Geektastic: Stories from the Nerd Herd edited by Holly Black and Cecil Castellucci
Geektastic: Stories from the Nerd Herd is one of those books I think everyone has read but me, albeit not in the massive numbers as, say, the Millenium trilogy. One of my cousins picked it up from my favorite independent bookstore the last time he visited my stomping grounds, a woman in my writing group read it ages ago, and other book bloggers have picked through it. The arresting cover—I’ve always loved pixel art—is eye-catching and the subject matter definitely appeals to someone who thoroughly identifies as a geek.
Geektastic: Stories from the Nerd Herd was born when Holly Black and Cecil Castellucci, while attending Comic-Con in 2009, thought up a story about a Klingon and a Jedi waking up in bed together. But they didn’t have any outlet to publish it. Thus, this anthology was born—Black and Castellucci invited their friends to write short stories celebrating all that is geek, and they responded in droves. These short stories take place at conventions, meet-ups, high schools, trivia bowl tournaments, and late-night screenings of The Rocky Horror Picture Show; each story involves characters who hold certain things, usually speculative fiction properties, near and dear to their hearts. Geek on.
This anthology starts off with Black and Castellucci’s anchor piece, “When You’re a Jedi, You’re a Jedi All the Way”. While fantastically titled (though the meter is off), it’s a poor start. For two people with enormous amounts of geek cred—Black married a rival Dungeon Master and Castellucci sat in line for Star Wars: The Phantom Menace for six weeks (boy, she must have been disappointed)—it feels remarkably inauthentic, as if Black and Castellucci wanted to write about two characters from these distinctive sci-fi cultures colliding rather than two fans of the properties but wimped out at the last minute. This means that you’re often unsure if these characters have a handle on the divide between reality and fiction, which, I assure you, geeks certainly do. It fell flat for me, and it’s a shame—there are some wonderful stories in here.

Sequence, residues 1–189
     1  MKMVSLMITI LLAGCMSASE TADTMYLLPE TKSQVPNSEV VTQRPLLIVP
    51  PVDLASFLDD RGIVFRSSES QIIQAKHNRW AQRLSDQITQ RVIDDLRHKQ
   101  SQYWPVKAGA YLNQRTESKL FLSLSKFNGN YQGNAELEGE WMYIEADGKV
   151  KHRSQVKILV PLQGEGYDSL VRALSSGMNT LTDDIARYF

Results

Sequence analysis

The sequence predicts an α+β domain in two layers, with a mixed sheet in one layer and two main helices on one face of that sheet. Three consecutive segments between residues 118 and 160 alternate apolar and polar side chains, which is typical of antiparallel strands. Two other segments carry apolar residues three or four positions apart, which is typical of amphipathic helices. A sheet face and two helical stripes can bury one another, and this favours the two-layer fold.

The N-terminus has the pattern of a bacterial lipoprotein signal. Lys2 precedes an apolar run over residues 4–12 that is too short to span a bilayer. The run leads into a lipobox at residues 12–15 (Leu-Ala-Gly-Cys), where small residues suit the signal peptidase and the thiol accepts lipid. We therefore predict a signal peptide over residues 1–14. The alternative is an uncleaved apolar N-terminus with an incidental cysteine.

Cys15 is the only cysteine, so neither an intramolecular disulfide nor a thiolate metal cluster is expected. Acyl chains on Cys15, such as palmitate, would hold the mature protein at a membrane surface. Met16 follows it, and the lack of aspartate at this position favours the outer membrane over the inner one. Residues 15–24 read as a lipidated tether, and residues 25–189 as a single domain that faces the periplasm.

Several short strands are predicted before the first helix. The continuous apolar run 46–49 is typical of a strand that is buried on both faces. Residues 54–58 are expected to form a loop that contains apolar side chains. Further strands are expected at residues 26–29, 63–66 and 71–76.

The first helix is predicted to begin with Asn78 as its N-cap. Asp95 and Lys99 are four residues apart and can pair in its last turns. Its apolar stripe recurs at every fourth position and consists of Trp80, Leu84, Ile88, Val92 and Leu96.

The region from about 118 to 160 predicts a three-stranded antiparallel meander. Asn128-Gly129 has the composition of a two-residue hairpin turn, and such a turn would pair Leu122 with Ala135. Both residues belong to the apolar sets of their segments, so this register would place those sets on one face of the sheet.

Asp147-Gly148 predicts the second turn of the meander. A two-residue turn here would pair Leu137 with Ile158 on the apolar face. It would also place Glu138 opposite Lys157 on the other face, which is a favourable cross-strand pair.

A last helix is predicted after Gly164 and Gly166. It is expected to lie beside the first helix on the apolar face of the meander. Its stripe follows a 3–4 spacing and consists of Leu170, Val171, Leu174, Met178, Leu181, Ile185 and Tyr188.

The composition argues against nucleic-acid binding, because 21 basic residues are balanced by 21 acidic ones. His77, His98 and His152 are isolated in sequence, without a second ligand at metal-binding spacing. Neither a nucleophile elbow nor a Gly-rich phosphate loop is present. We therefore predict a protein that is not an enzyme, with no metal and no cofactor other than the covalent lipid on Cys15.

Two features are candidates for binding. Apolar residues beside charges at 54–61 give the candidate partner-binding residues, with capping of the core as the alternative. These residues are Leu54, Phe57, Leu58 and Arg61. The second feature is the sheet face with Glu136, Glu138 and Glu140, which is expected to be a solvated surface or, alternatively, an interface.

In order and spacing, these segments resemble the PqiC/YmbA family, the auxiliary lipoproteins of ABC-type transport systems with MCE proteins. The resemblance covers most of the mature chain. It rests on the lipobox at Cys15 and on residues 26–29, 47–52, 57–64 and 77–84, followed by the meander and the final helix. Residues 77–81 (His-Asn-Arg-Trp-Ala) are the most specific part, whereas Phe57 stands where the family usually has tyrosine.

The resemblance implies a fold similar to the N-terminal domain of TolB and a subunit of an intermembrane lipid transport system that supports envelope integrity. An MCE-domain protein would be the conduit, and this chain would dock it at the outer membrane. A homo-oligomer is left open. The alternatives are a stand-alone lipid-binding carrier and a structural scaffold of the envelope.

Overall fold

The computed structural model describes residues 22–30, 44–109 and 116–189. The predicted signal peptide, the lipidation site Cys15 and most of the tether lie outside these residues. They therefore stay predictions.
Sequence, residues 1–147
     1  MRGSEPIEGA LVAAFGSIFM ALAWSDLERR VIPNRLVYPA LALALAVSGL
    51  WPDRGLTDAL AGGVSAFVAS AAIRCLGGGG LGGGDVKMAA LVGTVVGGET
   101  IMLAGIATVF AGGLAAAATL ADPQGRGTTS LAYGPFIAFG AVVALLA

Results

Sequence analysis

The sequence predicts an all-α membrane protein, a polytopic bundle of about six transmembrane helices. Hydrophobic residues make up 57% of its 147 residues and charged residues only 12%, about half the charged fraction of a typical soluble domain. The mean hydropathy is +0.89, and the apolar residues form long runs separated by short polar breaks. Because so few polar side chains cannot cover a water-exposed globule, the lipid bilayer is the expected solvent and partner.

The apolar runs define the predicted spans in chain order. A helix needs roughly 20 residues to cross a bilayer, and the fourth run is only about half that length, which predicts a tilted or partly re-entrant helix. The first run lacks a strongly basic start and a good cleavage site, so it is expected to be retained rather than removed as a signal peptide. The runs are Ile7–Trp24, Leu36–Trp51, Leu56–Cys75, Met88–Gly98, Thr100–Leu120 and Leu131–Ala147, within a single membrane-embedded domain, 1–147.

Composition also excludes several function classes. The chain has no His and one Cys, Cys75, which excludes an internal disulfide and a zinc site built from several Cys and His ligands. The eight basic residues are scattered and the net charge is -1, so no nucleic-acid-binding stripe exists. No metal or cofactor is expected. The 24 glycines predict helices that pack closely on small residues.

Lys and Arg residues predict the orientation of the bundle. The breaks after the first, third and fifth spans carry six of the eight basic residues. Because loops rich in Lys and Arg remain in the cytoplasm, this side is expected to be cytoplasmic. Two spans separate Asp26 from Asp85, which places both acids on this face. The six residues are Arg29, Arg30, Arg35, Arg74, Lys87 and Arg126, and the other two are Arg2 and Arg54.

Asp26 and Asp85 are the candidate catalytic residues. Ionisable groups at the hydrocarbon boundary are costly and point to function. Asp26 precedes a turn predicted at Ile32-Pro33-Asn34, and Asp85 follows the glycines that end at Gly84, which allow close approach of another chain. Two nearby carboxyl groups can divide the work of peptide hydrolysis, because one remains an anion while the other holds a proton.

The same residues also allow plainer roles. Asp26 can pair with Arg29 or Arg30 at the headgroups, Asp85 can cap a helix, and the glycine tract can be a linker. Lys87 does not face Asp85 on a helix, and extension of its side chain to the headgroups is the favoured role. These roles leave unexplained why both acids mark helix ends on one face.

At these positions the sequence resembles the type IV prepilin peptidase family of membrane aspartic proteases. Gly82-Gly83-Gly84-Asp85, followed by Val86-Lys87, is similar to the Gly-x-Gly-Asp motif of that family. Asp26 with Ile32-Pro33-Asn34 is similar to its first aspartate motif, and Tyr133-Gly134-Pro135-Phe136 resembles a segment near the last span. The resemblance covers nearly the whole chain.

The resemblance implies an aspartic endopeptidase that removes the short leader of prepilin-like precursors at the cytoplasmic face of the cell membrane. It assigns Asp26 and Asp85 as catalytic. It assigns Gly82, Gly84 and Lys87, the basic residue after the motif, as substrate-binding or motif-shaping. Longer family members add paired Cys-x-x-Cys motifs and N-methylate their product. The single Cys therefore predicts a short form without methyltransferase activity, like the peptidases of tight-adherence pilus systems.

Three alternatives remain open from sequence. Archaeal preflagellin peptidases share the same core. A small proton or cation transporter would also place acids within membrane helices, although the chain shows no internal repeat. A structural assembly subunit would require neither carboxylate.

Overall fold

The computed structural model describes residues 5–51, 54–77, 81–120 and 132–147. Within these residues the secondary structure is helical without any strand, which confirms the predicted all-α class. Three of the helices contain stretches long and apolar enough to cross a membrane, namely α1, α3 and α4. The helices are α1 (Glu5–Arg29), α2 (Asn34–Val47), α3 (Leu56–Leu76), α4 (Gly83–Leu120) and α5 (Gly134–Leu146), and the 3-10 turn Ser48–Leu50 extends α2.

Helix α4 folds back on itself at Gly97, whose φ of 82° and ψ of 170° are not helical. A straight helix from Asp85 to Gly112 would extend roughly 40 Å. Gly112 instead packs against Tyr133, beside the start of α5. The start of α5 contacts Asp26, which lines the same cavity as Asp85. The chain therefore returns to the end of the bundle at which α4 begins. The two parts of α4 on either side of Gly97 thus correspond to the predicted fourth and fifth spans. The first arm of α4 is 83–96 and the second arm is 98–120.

M. T. Anderson (whom you probably know as the author of Feed) takes the general concept and runs with it, giving us “The King of Pelinesse”. Set in the age of pulp paperbacks, a boy sets off to confront his favorite author after discovering a letter from him written to his mother that insinuates an affair between the two of them. I read Feed ages ago, but “The King of Pelinesse” blew me away—the period feel is perfect, the author both funny, sympathetic, and pathetic, and the kid is, well, just a kid. It’s a breath of fresh air. Garth Nix’s “The Quiet Knight” is a short and sweet piece about a farm boy (nicely done, sir!) with a ruined voice discovering himself through live-action role-playing and his relationship with a girl he meets during a game. I need to revisit Nix. But I think my favorite piece is David Levithan’s contribution, “Quiz Bowl Antichrist”. Guys, I think I’m in love with this man’s writing; it’s funny, original, and bitterly human, complete with a prickly main character who has a heart… somewhere. It certainly helps that I used to be on debate (…we don’t talk about that) and could definitely identify with these kids. I need to read more Levithan; good thing I just won The Lover’s Dictionary!
There are other good pieces—Sarah Zarr’s “This Is My Audition Monologue”, an ignored theater geek’s passionate plea to her high school director, manages to hit exactly why I love acting so much, and Scott Westerfeld’s “Definitional Chaos” turns the traditional Dungeons and Dragons alignment chart into a noir piece—but, for the most part, it’s a very uneven anthology. “The Wrath of Dawn”, by Cynthia and Greg Leitich Smith, bored me in its predictability (although the ending was cute), and Kelly Link’s bizarre and poorly executed “Secret Identity” is actually speculative fiction instead of being about geeks. And I was floored to discover that the lackluster “Freak the Geek”, in which not much actually happens and what does isn’t very interesting, was written by the highly recommended John Green—I’m even more hesitant about picking him up now. But by far the worst piece is “The Truth about Dino Girl”, in which a dinosaur-obsessed teenage girl takes revenge on a popular girl by slut-shaming her in front of the entire town. Yeah, she was mean, but lying to ruin her reputation beyond repair and breaking her up with her boyfriend isn’t something we ought to be rooting for. (Interestingly enough, “The Truth about Dino Girl” was written by a one Barry Lyga.) It left a bad taste in my mouth for the rest of the anthology. I’m starting to think all multi-author anthologies are inherently uneven—anybody got any recommendations for ones that aren’t?
Bottom line: Geektastic: Stories from the Nerd Herd offers a handful of fantastic stories among some decent ones—M. T. Anderson’s period piece “The King of Pelinesse”, Garth Nix’s “The Quiet Knight”, and David Levithan’s “Quiz Bowl Antichrist”. (I have got to read more of this man’s work!) But ultimately, it’s an uneven anthology, containing some lackluster work by some highly recommended writers and the hideously offensive “The Truth about Dino Girl”, where we’re expected to cheer for the worst case of slut-shaming I’ve ever encountered in fiction. Worth a rental for the above stories, but skip “The Truth about Dino Girl”. You’ll thank me later.
I rented this book from the public library.